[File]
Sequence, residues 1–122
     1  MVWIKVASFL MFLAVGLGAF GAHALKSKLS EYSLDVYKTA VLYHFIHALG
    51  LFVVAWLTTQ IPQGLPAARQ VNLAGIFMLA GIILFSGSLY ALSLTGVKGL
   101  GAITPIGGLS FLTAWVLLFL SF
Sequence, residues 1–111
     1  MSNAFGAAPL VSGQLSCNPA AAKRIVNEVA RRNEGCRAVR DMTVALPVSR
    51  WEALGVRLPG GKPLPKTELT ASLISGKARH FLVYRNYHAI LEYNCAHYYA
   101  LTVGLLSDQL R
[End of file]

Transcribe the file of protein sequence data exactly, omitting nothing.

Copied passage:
Sequence, residues 1–122
     1  MVWIKVASFL MFLAVGLGAF GAHALKSKLS EYSLDVYKTA VLYHFIHALG
    51  LFVVAWLTTQ IPQGLPAARQ VNLAGIFMLA GIILFSGSLY ALSLTGVKGL
   101  GAITPIGGLS FLTAWVLLFL SF
Sequence, residues 1–111
     1  MSNAFGAAPL VSGQLSCNPA AAKRIVNEVA RRNEGCRAVR DMTVALPVSR
    51  WEALGVRLPG GKPLPKTELT ASLISGKARH FLVYRNYHAI LEYNCAHYYA
   101  LTVGLLSDQL R